Occasionally answering the phone is unavoidable, but for the most part, we should all learn to let it ring.  If the call is important, the caller can leave a message and you can get back to them at a more convenient time.  For those rare calls that just can’t be ignored, like a parent or boss, it is possible to set distinct ring tones for those numbers. Excuse yourself, and make the call as short as possible.

There have been cases reported of people receiving thousands of text messages per month; they are obviously addicted.  Texting is becoming the preferred means of communication, which makes even little sense than calling. If you are texting, you have a phone in your hand; why not just call the texter and have a real conversation? Text can be handy to confirm an appointment or deliver an “on my way” kind of messages, but long conversations don’t make sense when you can interact personally with the texter.

One trick I do recommend when your rings. If you don’t recognize the number don’t speak first; no hello or anything.  A lot of phone solicitations are voice activated, if you don’t say anything they will just hang up so you don’t have to waste your time talking to a phone solicitor.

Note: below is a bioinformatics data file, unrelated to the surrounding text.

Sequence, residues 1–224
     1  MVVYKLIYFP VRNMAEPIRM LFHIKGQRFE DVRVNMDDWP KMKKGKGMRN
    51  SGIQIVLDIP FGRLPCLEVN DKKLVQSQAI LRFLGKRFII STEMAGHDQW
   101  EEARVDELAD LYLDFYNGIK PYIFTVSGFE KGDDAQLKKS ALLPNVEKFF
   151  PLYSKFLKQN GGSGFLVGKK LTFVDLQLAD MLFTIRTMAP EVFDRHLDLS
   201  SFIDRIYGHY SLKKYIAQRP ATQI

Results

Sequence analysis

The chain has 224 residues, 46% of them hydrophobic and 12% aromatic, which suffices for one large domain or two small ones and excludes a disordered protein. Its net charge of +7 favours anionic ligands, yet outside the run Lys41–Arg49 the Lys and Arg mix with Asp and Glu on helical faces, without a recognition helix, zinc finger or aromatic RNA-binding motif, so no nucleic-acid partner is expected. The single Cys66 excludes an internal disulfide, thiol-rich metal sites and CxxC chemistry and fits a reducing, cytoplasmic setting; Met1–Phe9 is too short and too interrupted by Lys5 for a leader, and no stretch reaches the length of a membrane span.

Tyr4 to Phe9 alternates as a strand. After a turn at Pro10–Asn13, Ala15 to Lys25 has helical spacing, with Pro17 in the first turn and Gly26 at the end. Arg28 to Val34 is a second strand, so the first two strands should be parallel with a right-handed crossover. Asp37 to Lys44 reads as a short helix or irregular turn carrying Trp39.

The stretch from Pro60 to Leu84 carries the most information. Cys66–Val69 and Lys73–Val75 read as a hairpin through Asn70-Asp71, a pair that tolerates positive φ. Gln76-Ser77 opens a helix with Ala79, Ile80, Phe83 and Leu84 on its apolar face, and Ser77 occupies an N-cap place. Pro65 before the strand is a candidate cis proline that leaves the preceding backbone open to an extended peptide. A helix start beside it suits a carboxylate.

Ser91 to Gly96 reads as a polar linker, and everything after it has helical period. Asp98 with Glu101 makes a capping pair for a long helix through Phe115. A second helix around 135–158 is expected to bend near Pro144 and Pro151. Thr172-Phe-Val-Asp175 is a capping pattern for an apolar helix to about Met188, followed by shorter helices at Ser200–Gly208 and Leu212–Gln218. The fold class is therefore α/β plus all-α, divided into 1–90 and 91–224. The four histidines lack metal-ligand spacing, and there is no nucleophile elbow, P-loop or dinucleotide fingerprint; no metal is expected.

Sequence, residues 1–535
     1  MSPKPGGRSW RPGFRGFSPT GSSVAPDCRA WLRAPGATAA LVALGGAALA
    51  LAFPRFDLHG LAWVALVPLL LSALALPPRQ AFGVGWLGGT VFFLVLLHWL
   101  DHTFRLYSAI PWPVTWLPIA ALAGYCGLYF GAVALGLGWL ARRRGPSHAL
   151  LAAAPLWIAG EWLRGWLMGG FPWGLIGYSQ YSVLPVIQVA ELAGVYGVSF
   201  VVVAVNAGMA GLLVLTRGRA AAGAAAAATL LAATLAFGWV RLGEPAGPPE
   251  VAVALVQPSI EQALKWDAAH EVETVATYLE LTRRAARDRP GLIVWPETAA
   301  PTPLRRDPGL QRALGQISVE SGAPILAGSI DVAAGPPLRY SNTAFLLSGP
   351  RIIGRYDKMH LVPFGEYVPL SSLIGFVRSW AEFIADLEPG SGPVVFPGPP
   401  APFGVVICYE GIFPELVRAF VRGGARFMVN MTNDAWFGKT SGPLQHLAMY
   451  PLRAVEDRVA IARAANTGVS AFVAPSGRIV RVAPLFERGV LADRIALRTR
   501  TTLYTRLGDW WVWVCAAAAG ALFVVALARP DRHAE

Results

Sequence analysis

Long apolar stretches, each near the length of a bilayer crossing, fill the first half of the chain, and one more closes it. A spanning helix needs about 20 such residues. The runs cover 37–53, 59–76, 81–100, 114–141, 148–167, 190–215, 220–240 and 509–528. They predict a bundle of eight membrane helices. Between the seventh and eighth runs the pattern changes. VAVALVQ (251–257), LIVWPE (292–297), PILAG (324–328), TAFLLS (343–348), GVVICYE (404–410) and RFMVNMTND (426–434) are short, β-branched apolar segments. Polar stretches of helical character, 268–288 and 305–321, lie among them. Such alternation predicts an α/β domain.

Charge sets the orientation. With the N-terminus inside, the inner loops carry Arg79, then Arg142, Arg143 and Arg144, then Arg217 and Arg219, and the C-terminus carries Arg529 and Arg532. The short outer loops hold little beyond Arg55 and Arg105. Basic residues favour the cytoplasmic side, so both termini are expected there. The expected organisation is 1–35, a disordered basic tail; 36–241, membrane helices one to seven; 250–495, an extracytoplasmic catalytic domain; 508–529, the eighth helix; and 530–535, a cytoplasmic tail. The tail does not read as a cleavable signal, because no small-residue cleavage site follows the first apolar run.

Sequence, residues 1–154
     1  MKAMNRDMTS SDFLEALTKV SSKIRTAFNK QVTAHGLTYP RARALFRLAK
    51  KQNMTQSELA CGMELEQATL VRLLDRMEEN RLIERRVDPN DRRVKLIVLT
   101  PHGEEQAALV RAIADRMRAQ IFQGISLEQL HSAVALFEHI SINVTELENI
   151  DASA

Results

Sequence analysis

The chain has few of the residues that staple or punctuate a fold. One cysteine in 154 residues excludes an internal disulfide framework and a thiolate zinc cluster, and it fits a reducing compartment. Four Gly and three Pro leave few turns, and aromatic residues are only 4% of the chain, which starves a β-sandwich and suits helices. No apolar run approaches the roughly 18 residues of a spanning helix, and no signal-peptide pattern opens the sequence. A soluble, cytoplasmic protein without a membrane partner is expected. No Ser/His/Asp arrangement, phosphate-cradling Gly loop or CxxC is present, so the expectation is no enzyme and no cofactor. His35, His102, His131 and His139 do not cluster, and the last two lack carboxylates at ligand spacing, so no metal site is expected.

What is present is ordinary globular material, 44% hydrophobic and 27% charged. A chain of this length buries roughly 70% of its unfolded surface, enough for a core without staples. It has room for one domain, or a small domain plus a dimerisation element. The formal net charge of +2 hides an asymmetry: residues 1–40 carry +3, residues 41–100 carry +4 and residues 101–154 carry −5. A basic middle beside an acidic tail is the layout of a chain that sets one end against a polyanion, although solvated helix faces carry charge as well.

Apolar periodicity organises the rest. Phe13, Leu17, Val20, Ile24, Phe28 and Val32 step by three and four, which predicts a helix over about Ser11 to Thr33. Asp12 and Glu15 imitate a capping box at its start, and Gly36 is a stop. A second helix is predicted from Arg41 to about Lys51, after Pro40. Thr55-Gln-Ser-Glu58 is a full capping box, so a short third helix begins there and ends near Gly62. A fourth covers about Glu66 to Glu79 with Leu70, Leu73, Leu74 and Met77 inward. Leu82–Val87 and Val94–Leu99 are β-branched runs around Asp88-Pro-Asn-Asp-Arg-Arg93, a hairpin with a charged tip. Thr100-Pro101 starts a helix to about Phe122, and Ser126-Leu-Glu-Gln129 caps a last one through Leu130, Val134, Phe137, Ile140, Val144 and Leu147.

Smart phones can be a very useful tool, or they can cut you off from society.  Used responsibly they can help you stay in touch with friends and family; irresponsibly they can pull you down and destroy your credibility. Just as you are responsible in other areas of our life, your cell phone is a responsibility, too.

It Can Happen To Anyone

It can happen to anyone. There seems to be an increase in phishing activity lately; I just got another one of those emails that was “phishing” for information.  It looked like it really came from my bank and when I clicked on the link it took me to a page that looked like the home page for my bank. But it wasn’t.